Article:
Quixote in a Cart is the story of James Nash’s extraordinary life, his love for all things Arab, and his inspiring journey on horseback to Jerusalem to raise funds for the Order of St. John. The intriguing and detailed narrative is packed with observations and historical facts alongside the basic story.
Choosing to walk from Venice to Addis Ababa one day was not a well-thought out decision, merely a notion that took hold of James Nash as he had friends in both places. In the course of the journey, he was bitten by the Arabian bug and consequently joined the Colonial Office as a political officer in the Aden Protectorate. He spent six years dealing with amirs, sheikhs and very recalcitrant tribesmen, with whom he formed great friendships. From there he transferred to the Foreign Office, which he states neither the Foreign Office nor he enjoyed. Thus he returned to London and retrained as a chartered surveyor - only to be sent to Cairo as the only Arabic-speaking surveyor to set up offices for a major city property company. Even though the project proved a disaster, James founded The British International School, Cairo in 1976, which still prospers today.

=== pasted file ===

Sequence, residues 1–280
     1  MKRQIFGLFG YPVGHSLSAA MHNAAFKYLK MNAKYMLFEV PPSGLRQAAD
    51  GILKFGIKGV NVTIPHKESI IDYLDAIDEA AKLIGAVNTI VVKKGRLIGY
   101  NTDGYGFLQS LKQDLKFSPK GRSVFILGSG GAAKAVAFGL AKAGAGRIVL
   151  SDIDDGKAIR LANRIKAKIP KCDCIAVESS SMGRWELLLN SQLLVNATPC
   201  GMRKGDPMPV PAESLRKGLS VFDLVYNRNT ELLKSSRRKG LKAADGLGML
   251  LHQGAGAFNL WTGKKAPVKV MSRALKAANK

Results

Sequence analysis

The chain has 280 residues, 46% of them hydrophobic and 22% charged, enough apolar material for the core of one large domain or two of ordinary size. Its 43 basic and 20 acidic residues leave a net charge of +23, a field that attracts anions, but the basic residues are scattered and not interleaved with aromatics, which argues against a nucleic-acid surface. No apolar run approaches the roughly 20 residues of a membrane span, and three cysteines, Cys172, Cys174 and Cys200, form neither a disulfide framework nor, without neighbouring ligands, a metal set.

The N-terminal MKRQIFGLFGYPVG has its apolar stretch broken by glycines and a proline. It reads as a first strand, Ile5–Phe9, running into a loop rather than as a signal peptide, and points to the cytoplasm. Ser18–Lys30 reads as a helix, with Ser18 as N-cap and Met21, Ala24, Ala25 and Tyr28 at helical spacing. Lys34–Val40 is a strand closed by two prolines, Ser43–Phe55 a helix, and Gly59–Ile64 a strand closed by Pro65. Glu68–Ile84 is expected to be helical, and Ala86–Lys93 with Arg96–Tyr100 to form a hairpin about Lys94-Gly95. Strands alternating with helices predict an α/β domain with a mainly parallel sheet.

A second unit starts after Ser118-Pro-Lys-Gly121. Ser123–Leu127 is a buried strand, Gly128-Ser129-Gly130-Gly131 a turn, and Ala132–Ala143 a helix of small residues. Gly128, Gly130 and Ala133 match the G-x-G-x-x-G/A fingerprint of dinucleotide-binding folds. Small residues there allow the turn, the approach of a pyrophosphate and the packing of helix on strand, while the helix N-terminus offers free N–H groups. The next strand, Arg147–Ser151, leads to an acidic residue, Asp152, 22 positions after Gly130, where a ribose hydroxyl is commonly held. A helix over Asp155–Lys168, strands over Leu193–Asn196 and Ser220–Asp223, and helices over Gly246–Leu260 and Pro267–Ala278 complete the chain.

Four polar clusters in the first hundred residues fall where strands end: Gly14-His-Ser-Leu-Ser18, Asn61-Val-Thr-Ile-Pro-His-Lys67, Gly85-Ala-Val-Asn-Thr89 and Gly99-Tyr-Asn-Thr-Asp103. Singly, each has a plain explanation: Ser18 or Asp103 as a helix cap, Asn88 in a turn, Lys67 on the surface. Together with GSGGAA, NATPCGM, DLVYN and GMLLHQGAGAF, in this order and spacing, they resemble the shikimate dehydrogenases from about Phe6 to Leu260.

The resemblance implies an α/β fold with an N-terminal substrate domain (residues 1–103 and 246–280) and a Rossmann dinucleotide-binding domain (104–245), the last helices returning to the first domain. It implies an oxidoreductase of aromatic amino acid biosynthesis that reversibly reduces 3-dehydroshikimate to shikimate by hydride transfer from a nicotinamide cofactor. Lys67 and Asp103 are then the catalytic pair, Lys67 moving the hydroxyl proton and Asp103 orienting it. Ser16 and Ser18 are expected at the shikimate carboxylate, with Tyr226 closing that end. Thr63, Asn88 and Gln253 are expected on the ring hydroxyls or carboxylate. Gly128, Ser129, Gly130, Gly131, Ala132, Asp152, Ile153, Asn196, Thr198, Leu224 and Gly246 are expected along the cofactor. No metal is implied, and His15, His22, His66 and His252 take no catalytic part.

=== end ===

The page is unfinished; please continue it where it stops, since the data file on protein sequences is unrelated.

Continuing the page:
Along the way, James became involved with the Order of St. John, a cause he feels passionately about. To raise money for the charity, ‘the St John of Jerusalem Eye Hospital’, he rode a horse to Jerusalem from Constantinople, imitating the Crusaders, a feat he describes in vivid detail. By publishing his life story, he hopes to raise even more funds.